In fact, Hayakawa considered that Hispanics represented a threat to the nation because of their language ability and especially because they had been trying to maintain and protect their native tongue in front of the hegemony of the English language in the nation. Considering that they have been claiming that Hispanics children should have the right to be taught in the language of their heritage, at public expense?(Annex IV, l.329-333), Hayakawa accused Hispanic leaders to try to pass an official bilingual legislation for the United States declaring both Spanish and English the national tongues of the nation. But we must differentiate between trying to protect one's native language and giving it an official status. As we demonstrated in part one, under the United Nations Declaration of Rights, ethnic minorities should have the possibility to maintain and promote their ethnic identity through State programs. Furthermore, ethnic pride and belonging to the American nation are not incompatible because people do have multiple identities. In his monograph Hayakawa himself showed his pride for his Japanese heritage and later Mujica put the emphasis on his Hispanic origins which was not considered as a chauvinistic attitude by U.S ENGLISH. In fact, we can consider that it was U.S ENGLISH itself that showed a chauvinistic attitude by claiming to protect the American nation from, what they described as, the Hispanic invasion?. This attitude is better described by the concept of cultural nationalism. It consists in overemphasizing the aspects and values of a particular culture in front of other cultures. It is the establishment of the primacy of one's culture upon others.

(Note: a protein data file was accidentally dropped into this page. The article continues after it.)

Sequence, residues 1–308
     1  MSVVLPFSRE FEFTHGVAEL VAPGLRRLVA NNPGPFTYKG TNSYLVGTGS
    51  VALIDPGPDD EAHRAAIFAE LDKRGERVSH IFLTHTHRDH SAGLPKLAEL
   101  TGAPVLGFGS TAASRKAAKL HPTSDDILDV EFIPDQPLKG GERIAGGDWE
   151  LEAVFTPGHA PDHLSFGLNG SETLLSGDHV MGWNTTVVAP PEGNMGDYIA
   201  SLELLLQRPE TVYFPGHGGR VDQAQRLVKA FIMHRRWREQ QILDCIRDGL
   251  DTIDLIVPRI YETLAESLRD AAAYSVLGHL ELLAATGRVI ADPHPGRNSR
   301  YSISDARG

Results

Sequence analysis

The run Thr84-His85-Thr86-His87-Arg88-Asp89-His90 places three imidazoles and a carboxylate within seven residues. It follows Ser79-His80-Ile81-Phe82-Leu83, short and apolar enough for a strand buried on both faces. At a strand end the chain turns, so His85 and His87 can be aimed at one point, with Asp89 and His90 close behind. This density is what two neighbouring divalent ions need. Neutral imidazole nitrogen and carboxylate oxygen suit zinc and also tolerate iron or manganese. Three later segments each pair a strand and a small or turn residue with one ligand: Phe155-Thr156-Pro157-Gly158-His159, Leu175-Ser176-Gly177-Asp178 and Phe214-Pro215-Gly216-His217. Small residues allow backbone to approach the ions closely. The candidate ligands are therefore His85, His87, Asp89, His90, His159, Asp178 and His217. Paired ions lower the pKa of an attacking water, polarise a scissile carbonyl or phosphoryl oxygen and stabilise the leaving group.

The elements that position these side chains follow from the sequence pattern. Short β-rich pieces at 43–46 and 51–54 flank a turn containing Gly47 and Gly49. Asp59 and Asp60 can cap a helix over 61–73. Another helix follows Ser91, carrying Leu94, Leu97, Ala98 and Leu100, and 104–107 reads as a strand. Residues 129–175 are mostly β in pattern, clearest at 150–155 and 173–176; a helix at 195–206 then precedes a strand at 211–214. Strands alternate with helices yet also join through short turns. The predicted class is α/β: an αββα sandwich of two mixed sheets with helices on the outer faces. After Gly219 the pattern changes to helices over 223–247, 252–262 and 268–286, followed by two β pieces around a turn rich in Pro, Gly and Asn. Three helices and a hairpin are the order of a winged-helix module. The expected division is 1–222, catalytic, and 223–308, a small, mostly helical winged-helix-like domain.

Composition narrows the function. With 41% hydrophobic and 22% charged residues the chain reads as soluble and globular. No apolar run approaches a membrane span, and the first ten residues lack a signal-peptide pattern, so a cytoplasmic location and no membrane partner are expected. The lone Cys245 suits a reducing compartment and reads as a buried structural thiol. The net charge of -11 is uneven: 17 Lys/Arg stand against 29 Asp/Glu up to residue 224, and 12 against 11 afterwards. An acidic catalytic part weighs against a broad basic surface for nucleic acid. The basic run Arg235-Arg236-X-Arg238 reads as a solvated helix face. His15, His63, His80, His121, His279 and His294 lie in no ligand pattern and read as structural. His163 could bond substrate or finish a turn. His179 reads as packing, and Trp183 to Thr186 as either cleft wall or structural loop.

In most of their publications, they have been idealizing American culture. Their goal being to protect and promote American culture, they tended to present other cultures, and more particularly the Hispanic one as inferior. This communication strategy is known as the Rank's model of persuasion 96(Suresh n.p). It consists in intensifying the strong points of the organization they support and downplaying their weak points while intensifying the weak point of their opponents. Evidences of this attitude can be found in the monograph written by Hayakawa. He has been presenting Hispanics as the least educated minority in the United
96 This theory was developed by the theorist Hugh Rank in 1976.